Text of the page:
Pharmacy Perspectives - Graduation 2019 - 15

G R A D UAT I O N 2 0 1 9

Dr. Marucci's type of work, while not the norm for
CU Pharmacy graduates, is becoming more common
as technology plays a bigger role in the field of pharmacy, according to Katy Trinkley, PharmD, associate
professor of clinical pharmacy.
"We are going to see increasingly more people go
down similar paths as Dean did," she predicts.
Megan Thompson, PharmD, director of experiential programs, agrees.
"I am finding that more and more students are
interested in combining their pharmacy knowledge
and tech skills, and finding jobs that will support it,"
she says. "Our pharmacy students are thinking very
creatively about improving patient safety, drug monitoring, and medication management. Tabula Rasa and
other companies like it are really providing a platform
for pharmacy students to share these innovative ideas."
Dr. Marucci's route to a PharmD began when he
was 13 or 14 years old and a family friend explained
his work as the pharmacy director at Swedish Medical
Center in Englewood. "I thought (the job) was cool,"
Dr. Marucci recalls.
Computers fascinated him, too. In high school,
Dr. Marucci was on the web development team and
learned to code. In college, he started fixing computers
for friends and building his own.
CU Pharmacy does not require a bachelor's degree
for admission. Dr. Marucci completed his pharmacy
prerequisites at the University of Colorado and then
received a bachelor's degree in medical science during
his first year at CU Pharmacy.
He explored different types of pharmacy during his
first two years of school, but didn't find the right fit.
Then, in his third year, came pharmacogenomics with
Christina Aquilante, PharmD, professor of pharmaceutical sciences, and pharmacy informatics with Dr. Trinkley.
"That was a game-changer," he remembers. But he
still wasn't sure what came next.
A classmate suggested he speak with Dr. Thompson
about P4 rotations that mixed technology and pharmacy. Dr. Marucci was the first student to ask about
such an opportunity, she recalls, and she had no immediate matches. At a national pharmacy meeting a few
weeks later, Dr. Thompson met people from Tabula
Rasa, who enthusiastically agreed to her request to host
a rotation for a student with IT experience.
"Dean was the first student I had met with who said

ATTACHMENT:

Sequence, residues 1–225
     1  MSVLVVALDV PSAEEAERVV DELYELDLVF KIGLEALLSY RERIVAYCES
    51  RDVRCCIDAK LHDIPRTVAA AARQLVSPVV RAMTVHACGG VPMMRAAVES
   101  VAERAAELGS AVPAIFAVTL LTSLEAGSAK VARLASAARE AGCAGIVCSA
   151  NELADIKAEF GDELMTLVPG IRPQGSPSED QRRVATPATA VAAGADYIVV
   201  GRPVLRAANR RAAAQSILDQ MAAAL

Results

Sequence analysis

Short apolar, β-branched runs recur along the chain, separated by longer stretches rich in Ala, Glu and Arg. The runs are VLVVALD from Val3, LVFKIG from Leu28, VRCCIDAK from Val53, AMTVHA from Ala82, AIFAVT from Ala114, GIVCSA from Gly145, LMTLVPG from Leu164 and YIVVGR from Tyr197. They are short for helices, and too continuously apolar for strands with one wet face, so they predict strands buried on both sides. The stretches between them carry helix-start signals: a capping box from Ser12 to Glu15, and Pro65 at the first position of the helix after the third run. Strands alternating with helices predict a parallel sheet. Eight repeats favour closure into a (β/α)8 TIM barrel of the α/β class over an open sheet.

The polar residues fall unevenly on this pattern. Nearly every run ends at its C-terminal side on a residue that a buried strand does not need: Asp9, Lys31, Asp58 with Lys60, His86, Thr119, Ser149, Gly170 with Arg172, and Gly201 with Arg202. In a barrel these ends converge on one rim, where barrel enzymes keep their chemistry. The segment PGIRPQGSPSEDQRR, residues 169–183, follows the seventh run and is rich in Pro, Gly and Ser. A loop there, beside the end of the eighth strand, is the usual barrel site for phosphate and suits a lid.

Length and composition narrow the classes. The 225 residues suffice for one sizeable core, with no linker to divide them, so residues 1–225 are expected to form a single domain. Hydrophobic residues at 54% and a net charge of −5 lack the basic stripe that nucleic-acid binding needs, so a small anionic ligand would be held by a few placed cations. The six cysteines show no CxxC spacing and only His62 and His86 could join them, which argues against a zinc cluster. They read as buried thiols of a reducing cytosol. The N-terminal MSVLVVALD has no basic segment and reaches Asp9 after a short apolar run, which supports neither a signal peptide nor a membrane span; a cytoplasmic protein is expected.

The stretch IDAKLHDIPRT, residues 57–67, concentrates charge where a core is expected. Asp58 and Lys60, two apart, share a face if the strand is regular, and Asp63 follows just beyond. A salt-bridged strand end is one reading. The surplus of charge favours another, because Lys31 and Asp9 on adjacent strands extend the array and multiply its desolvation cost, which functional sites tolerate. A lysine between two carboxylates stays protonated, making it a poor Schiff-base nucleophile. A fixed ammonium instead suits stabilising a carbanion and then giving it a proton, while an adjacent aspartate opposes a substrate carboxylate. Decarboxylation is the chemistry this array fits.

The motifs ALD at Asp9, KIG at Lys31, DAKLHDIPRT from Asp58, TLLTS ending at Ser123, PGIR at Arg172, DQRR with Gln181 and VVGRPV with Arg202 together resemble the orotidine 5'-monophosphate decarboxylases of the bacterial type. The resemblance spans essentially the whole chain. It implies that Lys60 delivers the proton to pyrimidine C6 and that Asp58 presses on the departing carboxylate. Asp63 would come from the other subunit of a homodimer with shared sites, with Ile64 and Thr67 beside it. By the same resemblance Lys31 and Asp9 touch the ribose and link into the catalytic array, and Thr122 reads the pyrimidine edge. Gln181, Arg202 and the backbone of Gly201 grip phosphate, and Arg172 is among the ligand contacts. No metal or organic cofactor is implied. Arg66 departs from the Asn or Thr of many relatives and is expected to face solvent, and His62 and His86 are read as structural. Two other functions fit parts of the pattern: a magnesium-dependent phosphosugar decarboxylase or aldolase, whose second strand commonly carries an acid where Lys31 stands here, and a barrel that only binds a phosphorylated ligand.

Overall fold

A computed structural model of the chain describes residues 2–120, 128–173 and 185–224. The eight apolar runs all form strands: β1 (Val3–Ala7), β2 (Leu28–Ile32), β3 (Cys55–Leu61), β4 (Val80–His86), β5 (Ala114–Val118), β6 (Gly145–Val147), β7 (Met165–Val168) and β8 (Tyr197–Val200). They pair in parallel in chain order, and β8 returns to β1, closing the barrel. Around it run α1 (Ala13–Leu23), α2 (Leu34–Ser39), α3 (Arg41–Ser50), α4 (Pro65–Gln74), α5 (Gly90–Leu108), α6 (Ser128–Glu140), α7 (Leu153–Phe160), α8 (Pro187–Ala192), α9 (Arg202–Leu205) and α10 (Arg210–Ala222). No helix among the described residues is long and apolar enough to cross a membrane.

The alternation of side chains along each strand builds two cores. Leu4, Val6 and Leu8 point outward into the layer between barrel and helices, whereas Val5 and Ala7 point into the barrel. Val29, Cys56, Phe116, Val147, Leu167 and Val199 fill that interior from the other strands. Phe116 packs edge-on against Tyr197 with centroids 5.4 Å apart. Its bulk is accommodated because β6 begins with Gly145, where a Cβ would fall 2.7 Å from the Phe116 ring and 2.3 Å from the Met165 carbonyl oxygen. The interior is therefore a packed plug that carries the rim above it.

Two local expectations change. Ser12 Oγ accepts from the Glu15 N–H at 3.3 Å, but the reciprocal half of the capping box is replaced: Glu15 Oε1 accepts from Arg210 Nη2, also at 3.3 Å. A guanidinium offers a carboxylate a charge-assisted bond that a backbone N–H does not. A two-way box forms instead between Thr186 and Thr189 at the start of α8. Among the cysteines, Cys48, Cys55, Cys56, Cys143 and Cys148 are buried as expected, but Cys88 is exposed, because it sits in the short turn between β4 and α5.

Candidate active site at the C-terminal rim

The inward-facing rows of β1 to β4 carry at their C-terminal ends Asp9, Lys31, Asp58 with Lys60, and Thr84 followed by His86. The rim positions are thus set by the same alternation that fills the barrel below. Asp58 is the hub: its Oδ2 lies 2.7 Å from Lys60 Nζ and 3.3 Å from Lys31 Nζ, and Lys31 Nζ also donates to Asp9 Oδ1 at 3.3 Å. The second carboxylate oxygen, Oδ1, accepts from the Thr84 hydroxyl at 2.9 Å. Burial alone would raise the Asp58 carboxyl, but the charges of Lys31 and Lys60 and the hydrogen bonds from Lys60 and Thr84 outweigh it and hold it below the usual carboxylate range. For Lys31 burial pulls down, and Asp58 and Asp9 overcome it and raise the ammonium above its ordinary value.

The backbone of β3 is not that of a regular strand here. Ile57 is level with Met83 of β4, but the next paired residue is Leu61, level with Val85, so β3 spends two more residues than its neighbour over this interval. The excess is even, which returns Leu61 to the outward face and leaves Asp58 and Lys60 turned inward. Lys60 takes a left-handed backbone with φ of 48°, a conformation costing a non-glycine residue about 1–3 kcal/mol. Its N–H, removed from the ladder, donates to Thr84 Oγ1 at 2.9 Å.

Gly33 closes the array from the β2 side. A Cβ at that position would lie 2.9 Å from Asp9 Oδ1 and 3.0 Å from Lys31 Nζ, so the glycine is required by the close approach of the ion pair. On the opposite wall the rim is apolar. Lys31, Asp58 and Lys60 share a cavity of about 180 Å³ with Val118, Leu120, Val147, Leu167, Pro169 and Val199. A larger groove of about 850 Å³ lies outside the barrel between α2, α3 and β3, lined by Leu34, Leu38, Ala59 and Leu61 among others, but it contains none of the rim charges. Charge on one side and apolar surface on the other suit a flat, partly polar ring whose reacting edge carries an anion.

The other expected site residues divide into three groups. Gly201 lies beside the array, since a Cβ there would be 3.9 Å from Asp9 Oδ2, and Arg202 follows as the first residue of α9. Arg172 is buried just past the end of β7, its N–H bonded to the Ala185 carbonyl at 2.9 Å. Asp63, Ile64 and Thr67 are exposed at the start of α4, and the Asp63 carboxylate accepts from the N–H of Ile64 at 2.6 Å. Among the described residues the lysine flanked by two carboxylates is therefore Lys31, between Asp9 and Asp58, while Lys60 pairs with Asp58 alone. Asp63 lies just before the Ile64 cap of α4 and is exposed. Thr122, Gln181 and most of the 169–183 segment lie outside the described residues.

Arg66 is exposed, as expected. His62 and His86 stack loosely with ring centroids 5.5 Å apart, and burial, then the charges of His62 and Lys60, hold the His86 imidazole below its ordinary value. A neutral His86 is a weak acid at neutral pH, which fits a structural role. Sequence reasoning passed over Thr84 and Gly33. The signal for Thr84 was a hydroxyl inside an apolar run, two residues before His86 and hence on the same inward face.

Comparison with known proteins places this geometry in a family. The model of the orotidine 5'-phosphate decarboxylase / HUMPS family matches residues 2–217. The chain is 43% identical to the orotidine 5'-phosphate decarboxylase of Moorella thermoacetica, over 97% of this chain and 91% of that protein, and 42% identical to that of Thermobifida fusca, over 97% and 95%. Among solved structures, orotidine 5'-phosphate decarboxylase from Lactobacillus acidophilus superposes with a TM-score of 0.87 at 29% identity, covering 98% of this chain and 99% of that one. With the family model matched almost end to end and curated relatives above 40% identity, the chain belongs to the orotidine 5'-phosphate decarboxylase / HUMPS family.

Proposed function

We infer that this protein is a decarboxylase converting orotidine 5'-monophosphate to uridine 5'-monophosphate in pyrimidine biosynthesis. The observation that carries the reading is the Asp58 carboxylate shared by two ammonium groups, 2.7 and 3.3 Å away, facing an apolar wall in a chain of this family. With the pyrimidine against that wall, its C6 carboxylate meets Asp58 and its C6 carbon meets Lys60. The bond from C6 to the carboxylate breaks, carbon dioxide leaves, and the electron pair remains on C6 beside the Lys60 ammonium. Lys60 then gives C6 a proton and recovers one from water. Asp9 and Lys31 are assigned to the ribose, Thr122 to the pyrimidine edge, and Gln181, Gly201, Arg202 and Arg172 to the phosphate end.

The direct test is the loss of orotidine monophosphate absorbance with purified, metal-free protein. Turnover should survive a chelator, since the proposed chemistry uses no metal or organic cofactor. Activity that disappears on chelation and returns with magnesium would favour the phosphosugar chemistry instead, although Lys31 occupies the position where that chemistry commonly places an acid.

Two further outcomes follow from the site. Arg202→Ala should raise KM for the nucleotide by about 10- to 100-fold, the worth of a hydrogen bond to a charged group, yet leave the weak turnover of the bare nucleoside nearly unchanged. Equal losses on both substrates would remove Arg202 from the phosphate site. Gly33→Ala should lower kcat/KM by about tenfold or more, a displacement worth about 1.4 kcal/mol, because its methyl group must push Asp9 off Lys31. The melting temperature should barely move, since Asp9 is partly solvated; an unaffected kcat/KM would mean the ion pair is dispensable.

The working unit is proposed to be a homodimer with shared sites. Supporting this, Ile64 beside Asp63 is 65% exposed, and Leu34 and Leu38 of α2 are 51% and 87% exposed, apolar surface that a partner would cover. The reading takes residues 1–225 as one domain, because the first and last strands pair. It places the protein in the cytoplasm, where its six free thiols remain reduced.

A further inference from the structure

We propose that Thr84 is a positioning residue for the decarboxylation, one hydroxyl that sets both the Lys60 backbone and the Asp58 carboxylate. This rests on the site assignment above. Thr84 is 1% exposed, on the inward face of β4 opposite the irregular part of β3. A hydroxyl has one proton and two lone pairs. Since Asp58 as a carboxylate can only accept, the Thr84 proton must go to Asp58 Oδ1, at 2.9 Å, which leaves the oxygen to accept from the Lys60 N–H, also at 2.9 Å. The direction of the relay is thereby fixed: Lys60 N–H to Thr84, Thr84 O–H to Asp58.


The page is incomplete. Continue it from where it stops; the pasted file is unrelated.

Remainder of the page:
he was interested in this field, and this was the first company that said yes to taking students," Dr. Thompson
says. "Dean had the right attitude, right personality
and the technical skills to do something like this. In
short, I knew he would be a good representative of the
school." Tabula Rasa remains among CU Pharmacy's
1,000 rotation sites worldwide and Dr. Thompson
hopes to match students to the company in the future.

"I am finding that more and more students are
interested in combining their pharmacy knowledge
and tech skills, and finding jobs that will support it."
- Megan Thompson, PharmD, director of experiential programs

The rotation went well and the company offered
Dr. Marucci a job just before graduation.
Dr. Marucci works from Colorado for Tabula Rasa.
He is an informatics support specialist and works in
business development for one of the company's products called NiaRx.
NiaRx is a cloud-based software program that
provides electronic health records (EHR) training and
patient-case simulation for pharmacy students. It uses
the company's MedWise software platform to identify
accumulative multi-drug interactions to help manage
patients' medication regimens.
"I've been able to use my PharmD degree to
create clinical content for NiaRx," Dr. Marucci explains. He also sells the product to pharmacy schools
around the country.
"My degree allows me to understand pharmacy
schools' needs," he continues. "I'm also able to understand the needs of pharmacists and pharmacy
students and (have the technology skills) to express
their wants and needs to our development team. I can
speak both languages."

The education he received at CU Pharmacy, especially in pharmacogenomics, set him apart from other
schools' pharmacy graduates, Dr. Marucci believes.
"I couldn't have done it without CU Pharmacy. I
am building on the foundation they gave me," he says.
The school, especially Dean Ralph Altiere, PhD,
recognizes that technology is playing a bigger
role in healthcare and students must be trained
"When our graduates enter the workforce, they
need different skills compared to past graduates," Dr.
Trinkley says. They must understand the capabilities of
technology and how they work with them, whether it
is a pill-dispensing kiosk, an EHR, or Watson Health,
IBM's powerful artificial intelligence tool for solving
health challenges.
Equally important, Dr. Trinkley says, graduates
must know how to think creatively, show empathy
and communicate skillfully - things that machines
cannot do.
"Dr. Altiere sees that and is making sure our students
are prepared for that," Dr. Trinkley says.


Pharmacy Perspectives - Graduation 2019

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